Skip to main content Smithsonian Institution

Catalog Data

Kingston Trio  Search this
Reynolds, Nick  Search this
C. F. Martin and Company  Search this
Physical Description:
spruce (overall material)
mahogany (overall material)
ebony (overall material)
metal (overall material)
overall: 91 cm x 34.5 cm x 9 cm; 35 13/16 in x 13 19/32 in x 3 17/32 in
Object Name:
Place made:
United States: Pennsylvania, Nazareth
Date made:
<p>This guitar was made by C. F. Martin & Company in Nazareth, Pennsylvania, in 1948. It is a four course (4x1) tenor guitar, model 0-18T, serial #104342, with a spruce top, mahogany back and sides, hardwood neck, ebony fretboard, and nickel-plated tuning machines. There is a stencil on the peghead:</p>
<p>C.F. Martin & Co.<br>EST. 1833</p>
<p>This guitar was used by Nick Reynolds (1933-2008) of The Kingston Trio on recordings and live performances during the group’s heyday from 1957 through the late 1960s. The Kingston Trio was one of the most important commercial forces in the folk revival of the postwar years. As such they were critical in expanding the borders of American popular song to include material that originated throughout the world. The trio also were influential in the folk revival's emphasis upon an American heritage in their repertoire; as such they were important exemplars of the ways in which popular culture engaged American history in the Cold war era, an approach in which social conflict was downplayed and in which aesthetics or emotion took precedence over historical accuracy. Although the Weavers, the Almanac Singers, Huddie Ledbetter and Moses Asch's Folkways records all were much more significant in promoting folk music through politically active circles, the Kingston Trio and other groups who followed in their wake brought folk music to a much broader audience, one that transcended the issues of politics and authenticity that marked the folk revival in the early years of the Cold War. The Trio recorded indigenous songs from around the world. Their wholesome college-youth attire and demeanor along with their substantially muted politics all made folk music appealing to a vast audience. Recording for a major label, Capitol, the trio sold millions of albums which are still in demand around the world. While scorned by so-called "purists" during the height of the 1960s folk "boom" the Trio had a major impact on American culture. They inspired many other to seek out folk music, and presented it as worthy art even when divorced from its original context. Without this group, it is quite likely that the impact of folk music in American popular culture would have been much more limited.</p>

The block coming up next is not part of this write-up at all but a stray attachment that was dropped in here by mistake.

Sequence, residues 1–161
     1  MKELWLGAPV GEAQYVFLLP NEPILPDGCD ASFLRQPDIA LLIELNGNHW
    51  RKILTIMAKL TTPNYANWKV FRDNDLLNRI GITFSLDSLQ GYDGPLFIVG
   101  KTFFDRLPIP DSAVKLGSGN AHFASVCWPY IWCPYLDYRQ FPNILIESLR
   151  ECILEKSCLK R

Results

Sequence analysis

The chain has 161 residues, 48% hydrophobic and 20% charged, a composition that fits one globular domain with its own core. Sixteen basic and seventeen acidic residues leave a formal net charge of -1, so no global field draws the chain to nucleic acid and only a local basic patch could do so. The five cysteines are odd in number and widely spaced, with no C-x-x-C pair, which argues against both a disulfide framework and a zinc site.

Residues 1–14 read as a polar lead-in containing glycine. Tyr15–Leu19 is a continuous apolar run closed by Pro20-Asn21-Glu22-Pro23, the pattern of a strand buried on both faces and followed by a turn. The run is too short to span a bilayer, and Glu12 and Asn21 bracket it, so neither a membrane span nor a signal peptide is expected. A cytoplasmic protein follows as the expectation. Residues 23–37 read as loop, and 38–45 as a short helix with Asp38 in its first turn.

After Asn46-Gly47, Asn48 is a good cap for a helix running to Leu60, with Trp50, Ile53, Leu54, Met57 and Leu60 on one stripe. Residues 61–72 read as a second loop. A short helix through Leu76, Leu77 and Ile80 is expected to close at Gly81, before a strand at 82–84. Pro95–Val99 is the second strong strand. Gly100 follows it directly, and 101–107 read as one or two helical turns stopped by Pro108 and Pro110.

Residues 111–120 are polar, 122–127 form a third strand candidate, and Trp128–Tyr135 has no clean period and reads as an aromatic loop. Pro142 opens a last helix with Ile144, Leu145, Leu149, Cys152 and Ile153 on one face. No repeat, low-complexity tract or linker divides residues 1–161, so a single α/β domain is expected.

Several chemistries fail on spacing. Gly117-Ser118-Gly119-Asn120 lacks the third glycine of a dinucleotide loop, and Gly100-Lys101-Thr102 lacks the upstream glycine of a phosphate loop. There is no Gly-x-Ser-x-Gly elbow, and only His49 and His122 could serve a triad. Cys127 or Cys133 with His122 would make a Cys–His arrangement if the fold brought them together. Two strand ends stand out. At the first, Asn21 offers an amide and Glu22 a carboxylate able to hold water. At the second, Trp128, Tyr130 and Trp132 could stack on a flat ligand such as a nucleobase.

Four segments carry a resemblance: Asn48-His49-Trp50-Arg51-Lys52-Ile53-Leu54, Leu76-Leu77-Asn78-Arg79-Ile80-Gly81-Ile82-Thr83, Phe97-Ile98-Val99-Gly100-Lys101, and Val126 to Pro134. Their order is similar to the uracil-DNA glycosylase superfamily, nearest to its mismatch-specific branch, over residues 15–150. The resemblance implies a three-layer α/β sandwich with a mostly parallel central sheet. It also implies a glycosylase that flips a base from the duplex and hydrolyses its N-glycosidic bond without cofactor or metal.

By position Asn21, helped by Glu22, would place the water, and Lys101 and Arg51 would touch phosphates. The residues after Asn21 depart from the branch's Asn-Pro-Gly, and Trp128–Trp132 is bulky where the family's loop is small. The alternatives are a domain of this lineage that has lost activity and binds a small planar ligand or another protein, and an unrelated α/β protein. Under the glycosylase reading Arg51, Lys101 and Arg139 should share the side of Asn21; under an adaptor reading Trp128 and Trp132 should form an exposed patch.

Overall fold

<p>Nick Reynolds was a founding member of the group and he worked in it until its breakup (there have been many re-unions in the 1980s and 90s). His tenor guitar helped give the trio its almost delicate sound. At a time when most similar groups used the much more propulsive and jangly 12 string guitar as a rhythm instrument, Reynolds tenor guitar was quite distinctive.</p>
Currently not on view
Credit Line:
Gift of Leslie and Nick Reynolds
ID Number:
Serial number:
Model number:
Accession number:
Catalog number:
See more items in:
Culture and the Arts: Musical Instruments
Music & Musical Instruments
Data Source:
National Museum of American History